Sorenson Communications file for Chapter 11 bankruptcy


Financier Worldwide Magazine

April 2014 Issue

April 2014 Issue

Mach Gen LLC, a New York based electricity generator backed by a number of financial institutions including Bank of America Corp and Credit Suisse Group AG, announced that it had filed for Chapter 11 bankruptcy protection in March. 

The company filed for bankruptcy protection after it agreed a restructuring deal with a number of its key creditors. The deal attempted to reduce a portion of the company’s substantial debt pile by around $1bn and remove another $82m in annual interest payments. The deal was agreed with the creditor groups on 15 January. Mach Gen began soliciting votes for the scheme on 21 January.

In paperwork filed at the US Bankruptcy Court in Wilmington, Delaware, natural gas power plant owner Mach Gen listed assets of more than $500m and liabilities of more than $1bn. The company’s paperwork noted that “Mach Gen has faced significant interest expenses due to the leveraged nature of its balance sheet, which, in combination with declining revenues, has impacted Mach Gen’s ability to service its long-term debt”. 

Under the company’s restructuring plan, senior lenders, who are owed around $627m, would see their debt converted into bankruptcy exit financing. Mach Gen’s junior lenders would see their $1.03bn of debt exchanged for 93.5 percent of new stock in the restructured company. The outstanding 6.5 percent of new shares in the company would go to the company’s existing equity holders. According to Mach Gen, the company’s general unsecured creditors would be paid in full under the restructuring plan. 

Documentation lodged at the Bankruptcy Court notes that all of Mach Gen’s first-lien lenders, including Beal Bank USA, more than 75 percent of its second lien lenders and more than 85 percent of its current shareholders, have already pledged their support for the reorganisation proposal. Beal Bank will also provide the company with a $200m debtor in possession credit facility.

In the company’s court documentation, Mach Gen’s financial difficulties were attributed to a number of factors which have impacted not only upon Mach Gen, but have also affected the wider energy market in the US. Most notably, the financial crisis and resultant economic downturn have been responsible for a particularly damaging declining demand for power since 2008. That said, the company has been experiencing financial difficulties since the 2000s, shortly after the original financing arrangements were put in place. Furthermore, lower gas prices and a greater supply of renewable energy projects have also contributed to the company’s recent financial woes and declining revenues. Crucially, the company’s declining revenue has made it significantly harder for Mach Gen to service its heavy debt load.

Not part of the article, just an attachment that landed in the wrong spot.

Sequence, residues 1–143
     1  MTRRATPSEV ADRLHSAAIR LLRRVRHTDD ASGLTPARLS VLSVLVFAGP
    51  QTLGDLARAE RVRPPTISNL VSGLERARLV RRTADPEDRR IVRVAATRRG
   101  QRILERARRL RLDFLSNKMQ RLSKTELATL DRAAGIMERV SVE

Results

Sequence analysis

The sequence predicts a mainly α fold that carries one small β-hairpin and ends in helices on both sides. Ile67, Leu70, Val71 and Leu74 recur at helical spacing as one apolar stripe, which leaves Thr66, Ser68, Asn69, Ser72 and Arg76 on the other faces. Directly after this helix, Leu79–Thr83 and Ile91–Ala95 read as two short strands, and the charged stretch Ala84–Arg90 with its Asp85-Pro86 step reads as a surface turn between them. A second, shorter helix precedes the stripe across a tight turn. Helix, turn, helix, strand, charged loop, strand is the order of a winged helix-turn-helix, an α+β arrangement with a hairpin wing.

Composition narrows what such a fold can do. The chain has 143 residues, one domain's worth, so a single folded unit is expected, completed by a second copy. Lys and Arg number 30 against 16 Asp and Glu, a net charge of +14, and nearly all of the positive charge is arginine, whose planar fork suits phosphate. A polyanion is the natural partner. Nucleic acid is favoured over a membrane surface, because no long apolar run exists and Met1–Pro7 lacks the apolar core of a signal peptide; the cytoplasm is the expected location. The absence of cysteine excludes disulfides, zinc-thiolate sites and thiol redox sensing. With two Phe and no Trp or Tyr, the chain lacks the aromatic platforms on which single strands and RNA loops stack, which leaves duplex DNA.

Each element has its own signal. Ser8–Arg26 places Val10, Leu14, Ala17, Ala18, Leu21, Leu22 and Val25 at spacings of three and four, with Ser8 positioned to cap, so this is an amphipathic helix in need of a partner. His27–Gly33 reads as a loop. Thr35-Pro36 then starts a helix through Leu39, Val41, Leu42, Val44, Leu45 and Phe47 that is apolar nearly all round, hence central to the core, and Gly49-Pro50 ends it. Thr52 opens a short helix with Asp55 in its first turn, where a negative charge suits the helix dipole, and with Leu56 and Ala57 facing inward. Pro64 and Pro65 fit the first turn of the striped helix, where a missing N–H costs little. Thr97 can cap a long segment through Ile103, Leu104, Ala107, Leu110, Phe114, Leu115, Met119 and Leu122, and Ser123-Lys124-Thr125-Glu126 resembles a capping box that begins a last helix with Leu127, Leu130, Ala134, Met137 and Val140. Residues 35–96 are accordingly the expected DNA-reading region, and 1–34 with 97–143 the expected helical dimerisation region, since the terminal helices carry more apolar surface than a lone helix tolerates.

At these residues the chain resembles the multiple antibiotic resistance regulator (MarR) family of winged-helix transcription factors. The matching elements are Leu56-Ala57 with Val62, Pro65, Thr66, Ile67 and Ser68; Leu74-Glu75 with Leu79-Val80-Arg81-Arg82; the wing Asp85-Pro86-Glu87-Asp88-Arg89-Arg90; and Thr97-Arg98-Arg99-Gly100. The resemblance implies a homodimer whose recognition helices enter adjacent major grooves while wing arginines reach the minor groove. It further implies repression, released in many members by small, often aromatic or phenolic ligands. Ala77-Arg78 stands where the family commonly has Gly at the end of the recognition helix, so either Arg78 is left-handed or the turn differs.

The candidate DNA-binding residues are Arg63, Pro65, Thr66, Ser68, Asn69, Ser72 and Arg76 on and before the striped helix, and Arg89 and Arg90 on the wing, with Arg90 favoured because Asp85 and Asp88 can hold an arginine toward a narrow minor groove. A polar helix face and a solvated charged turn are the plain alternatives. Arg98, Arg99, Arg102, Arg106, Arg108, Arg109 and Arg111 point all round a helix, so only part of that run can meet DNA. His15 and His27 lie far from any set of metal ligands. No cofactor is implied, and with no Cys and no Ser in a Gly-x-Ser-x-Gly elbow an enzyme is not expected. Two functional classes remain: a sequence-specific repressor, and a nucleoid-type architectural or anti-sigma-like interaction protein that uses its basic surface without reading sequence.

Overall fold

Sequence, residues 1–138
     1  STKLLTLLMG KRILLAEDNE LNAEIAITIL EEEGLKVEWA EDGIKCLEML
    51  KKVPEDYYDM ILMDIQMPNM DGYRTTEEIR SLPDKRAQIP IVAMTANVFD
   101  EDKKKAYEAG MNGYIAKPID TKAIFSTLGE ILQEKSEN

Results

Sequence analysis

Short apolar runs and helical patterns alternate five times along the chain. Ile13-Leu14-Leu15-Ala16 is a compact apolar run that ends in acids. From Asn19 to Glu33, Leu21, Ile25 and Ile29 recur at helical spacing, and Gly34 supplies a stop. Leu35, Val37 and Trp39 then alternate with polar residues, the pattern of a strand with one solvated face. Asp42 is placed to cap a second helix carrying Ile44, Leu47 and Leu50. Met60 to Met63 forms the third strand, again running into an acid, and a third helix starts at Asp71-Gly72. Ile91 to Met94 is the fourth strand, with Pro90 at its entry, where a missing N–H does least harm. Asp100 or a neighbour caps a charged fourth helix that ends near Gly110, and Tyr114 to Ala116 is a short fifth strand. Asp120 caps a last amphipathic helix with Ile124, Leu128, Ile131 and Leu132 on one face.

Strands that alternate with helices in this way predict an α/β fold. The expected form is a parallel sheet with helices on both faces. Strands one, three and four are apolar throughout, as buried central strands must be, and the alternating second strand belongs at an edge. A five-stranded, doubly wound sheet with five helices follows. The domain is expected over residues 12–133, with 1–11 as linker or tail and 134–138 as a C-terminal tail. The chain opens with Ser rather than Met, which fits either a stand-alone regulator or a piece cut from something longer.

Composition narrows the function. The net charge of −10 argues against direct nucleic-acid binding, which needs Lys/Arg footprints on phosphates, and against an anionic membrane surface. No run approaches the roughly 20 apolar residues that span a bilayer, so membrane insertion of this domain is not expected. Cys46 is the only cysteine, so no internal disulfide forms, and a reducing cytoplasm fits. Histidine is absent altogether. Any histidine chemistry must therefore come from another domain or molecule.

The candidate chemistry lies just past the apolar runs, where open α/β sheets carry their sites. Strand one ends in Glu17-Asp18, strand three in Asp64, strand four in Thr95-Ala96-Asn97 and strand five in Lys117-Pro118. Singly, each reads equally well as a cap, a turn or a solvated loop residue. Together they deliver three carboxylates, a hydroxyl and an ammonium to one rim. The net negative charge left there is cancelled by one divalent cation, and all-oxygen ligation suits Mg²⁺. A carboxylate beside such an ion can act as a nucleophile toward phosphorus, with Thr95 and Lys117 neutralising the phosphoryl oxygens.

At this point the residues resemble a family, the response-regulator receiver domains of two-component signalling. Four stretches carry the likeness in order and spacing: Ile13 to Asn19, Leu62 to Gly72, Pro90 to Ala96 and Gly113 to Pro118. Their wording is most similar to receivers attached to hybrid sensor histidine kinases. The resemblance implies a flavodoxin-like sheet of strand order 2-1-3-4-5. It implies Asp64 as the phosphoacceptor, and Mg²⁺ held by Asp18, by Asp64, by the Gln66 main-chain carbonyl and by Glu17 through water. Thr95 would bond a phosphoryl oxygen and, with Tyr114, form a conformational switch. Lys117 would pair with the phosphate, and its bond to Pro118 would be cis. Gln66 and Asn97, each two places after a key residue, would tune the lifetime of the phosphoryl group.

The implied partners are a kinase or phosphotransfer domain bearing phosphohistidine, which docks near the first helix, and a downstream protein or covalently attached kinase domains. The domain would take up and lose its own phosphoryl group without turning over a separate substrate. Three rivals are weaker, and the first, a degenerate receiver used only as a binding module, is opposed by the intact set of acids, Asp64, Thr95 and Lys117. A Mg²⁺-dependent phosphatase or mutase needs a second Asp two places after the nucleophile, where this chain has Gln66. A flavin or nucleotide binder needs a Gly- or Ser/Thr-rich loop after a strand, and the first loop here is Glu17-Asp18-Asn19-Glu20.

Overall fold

The Chapter 11 application by Mach Gen is not the company’s first attempt at countering its financial difficulties. In 2008, sale proceeds from one of Mach Gen’s then four power facilities provided additional liquidity and borrowing capacity. Furthermore, in 2012 Mach Gen underwent two rounds of debt refinancing and attempted to sell off one of its three remaining generating facilities. However the company was unable to complete the sale, having failed to win regulatory approval for the transaction. As a result, Mach Gen began to consider a wider restructuring, talks around which have been ongoing since 2013. The company’s financial plight was laid bare last year, when Mach Gen generated around $350m in operating revenue in 2013, on a net loss of approximately $120m.

According to court documentation Citigroup Alternative Investments LLC holds a 1.1 percent stake in Mach Gen, Credit Suisse Securities holds an 8.7 percent stake, Merrill Lynch Genco II LLC a 13.9 percent share and Sola Ltd a 10.6 percent stake.

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Richard Summerfield

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